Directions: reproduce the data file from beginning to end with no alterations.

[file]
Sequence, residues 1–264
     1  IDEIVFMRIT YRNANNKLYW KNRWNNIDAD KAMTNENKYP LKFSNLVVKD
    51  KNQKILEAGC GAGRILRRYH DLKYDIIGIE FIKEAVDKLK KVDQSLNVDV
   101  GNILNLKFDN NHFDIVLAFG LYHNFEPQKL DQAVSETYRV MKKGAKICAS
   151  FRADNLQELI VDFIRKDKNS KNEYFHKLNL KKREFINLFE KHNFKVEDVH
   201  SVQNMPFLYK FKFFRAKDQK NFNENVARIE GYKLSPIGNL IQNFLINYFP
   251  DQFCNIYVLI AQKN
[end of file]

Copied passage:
Sequence, residues 1–264
     1  IDEIVFMRIT YRNANNKLYW KNRWNNIDAD KAMTNENKYP LKFSNLVVKD
    51  KNQKILEAGC GAGRILRRYH DLKYDIIGIE FIKEAVDKLK KVDQSLNVDV
   101  GNILNLKFDN NHFDIVLAFG LYHNFEPQKL DQAVSETYRV MKKGAKICAS
   151  FRADNLQELI VDFIRKDKNS KNEYFHKLNL KKREFINLFE KHNFKVEDVH
   201  SVQNMPFLYK FKFFRAKDQK NFNENVARIE GYKLSPIGNL IQNFLINYFP
   251  DQFCNIYVLI AQKN